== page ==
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ē-bullĭo , īre, 4 (and post-class. ēbullo , āre, 1), v. n. and
I. Neutr., to boil up, bubble up (post-class.).
A. Lit.: “fontium venae ebullant,Tert. de Pall. 2.—
B. Trop., to come forth bubbling, to appear boisterously: dum risus ebullit App. M. 2, p. 128.—Poet.: “o si Ebullit patrui praeclarum funus! i. e. utinam patruus moriatur,Pers. 2, 10 Dübner: “priusquam hujus monstri idoli artifices ebullissent,Tert. Idol. 3: “de Perside,to hurry confusedly away, Vulg. 2 Mac. 1, 12.—
II. Act. (class., but rare).
A. Lit.: “animam,” i. e. to breathe out, give up the ghost, Sen. Apoc. 4, 2; Petr. 42, 3; 62, 10.—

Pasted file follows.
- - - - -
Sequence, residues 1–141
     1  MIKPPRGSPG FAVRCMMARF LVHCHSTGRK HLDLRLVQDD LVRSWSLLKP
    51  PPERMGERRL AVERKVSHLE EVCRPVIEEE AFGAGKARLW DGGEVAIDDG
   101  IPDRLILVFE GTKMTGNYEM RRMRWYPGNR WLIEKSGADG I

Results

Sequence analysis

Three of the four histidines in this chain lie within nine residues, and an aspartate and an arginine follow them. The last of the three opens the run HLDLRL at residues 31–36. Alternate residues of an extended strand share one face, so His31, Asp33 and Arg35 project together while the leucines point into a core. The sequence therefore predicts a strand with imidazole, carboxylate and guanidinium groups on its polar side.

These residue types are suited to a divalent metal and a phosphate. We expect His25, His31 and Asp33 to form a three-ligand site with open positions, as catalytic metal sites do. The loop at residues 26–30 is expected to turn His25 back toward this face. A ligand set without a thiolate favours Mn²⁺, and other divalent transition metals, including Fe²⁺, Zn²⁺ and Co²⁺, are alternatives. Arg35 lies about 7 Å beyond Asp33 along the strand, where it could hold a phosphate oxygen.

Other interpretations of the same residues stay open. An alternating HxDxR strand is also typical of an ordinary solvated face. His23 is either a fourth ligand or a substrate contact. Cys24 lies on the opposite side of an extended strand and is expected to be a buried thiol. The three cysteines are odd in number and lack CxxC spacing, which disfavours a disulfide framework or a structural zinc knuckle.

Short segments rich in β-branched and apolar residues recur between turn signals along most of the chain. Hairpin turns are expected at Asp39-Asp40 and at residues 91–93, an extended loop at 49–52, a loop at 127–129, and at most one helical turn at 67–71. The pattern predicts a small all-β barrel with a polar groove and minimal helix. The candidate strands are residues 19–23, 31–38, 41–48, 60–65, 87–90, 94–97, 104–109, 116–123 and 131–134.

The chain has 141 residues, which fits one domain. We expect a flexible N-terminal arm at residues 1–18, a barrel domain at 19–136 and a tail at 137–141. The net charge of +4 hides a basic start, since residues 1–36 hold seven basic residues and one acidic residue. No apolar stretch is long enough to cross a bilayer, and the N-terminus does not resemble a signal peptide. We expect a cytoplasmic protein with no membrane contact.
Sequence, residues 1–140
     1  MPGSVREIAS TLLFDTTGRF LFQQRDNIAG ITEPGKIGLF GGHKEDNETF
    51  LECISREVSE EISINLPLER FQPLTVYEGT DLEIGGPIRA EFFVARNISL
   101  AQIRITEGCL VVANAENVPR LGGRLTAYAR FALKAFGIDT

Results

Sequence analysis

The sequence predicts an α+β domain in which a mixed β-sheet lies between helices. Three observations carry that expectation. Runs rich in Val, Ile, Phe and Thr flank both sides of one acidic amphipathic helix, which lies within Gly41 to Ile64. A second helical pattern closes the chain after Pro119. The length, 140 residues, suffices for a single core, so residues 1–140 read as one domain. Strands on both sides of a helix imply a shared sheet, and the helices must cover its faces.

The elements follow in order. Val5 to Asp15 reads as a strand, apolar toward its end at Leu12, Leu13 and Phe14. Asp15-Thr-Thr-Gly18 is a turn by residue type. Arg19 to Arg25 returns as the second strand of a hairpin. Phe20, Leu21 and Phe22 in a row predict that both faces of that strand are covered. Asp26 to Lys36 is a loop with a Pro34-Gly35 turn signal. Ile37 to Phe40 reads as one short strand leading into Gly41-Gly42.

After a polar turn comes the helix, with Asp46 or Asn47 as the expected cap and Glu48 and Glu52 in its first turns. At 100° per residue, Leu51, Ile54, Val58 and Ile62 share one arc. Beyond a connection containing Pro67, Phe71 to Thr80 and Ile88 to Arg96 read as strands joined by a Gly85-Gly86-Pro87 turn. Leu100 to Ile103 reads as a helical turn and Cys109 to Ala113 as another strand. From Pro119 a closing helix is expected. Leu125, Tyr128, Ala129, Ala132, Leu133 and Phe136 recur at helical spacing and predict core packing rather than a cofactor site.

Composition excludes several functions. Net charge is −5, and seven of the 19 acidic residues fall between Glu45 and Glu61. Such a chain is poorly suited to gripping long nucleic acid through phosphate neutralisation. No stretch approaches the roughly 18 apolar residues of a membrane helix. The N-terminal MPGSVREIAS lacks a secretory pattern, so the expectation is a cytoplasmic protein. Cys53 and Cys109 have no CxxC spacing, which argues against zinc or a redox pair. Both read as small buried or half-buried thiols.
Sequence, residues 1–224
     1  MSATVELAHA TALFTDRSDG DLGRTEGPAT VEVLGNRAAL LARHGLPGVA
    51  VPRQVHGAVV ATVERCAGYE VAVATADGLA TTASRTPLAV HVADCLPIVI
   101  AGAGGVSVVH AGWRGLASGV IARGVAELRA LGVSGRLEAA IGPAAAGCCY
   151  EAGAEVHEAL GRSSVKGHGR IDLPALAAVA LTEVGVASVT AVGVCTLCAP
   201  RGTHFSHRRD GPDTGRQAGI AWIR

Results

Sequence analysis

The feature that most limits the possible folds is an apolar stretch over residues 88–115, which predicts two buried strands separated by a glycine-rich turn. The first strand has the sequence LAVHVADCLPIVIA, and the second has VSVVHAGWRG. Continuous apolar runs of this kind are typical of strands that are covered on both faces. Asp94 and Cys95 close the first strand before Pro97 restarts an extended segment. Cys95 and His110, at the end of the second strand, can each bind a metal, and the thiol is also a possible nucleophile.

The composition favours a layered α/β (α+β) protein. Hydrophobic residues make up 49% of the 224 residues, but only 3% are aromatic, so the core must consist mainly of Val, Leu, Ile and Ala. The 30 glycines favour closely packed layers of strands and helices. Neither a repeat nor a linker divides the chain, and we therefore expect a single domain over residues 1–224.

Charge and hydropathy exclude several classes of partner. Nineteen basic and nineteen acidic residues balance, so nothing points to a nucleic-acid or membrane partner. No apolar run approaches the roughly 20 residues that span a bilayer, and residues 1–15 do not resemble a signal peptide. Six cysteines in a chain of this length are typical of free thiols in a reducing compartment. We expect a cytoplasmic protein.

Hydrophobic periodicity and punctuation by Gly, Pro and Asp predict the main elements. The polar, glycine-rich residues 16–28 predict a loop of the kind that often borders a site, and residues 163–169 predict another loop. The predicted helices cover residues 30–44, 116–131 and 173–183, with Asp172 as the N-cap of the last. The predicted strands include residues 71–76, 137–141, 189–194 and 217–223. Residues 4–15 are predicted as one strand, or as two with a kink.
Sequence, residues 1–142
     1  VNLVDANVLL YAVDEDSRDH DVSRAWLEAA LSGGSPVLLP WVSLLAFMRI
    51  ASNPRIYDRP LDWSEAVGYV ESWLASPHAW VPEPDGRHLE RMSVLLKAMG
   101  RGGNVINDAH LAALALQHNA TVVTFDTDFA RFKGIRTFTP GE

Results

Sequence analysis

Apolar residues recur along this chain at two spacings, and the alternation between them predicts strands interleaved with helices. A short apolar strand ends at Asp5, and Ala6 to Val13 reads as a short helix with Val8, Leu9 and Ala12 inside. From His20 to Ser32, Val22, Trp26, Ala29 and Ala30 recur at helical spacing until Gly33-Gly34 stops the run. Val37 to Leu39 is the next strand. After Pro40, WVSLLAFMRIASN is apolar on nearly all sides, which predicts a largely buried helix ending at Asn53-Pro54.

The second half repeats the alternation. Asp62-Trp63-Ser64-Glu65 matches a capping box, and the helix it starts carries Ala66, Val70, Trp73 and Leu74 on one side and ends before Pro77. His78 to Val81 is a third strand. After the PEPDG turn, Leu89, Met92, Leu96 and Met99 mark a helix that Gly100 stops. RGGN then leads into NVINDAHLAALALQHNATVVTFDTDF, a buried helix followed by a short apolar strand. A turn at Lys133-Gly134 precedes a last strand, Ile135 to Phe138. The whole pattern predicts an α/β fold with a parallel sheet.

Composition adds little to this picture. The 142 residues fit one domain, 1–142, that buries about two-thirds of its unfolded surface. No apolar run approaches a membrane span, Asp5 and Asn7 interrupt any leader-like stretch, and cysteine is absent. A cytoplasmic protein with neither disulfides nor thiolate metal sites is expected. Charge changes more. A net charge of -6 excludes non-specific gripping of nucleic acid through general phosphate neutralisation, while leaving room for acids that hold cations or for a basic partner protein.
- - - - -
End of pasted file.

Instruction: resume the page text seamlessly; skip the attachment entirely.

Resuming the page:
B. To produce in abundance: “et ebulliet fluvius ranas,Vulg. Exod. 8, 3; cf.: “os fatuorum ebullit stultitiam,id. Prov. 15, 2.—Trop.: “virtutes,” i. e. to boast of, Cic. Tusc. 3, 18, 42 Kühn; cf. id. Fin. 5, 27, 80 (and the Gr. παφλάζειν).
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hide References (5 total)
  • Cross-references in general dictionaries from this page (5):
    • Old Testament, Proverbs, 15.2
    • Old Testament, Exodus, 8.3
    • Cicero, de Finibus Bonorum et Malorum, 5.27
    • Cicero, Tusculanae Disputationes, 3.18
    • Persius, Saturae, 2
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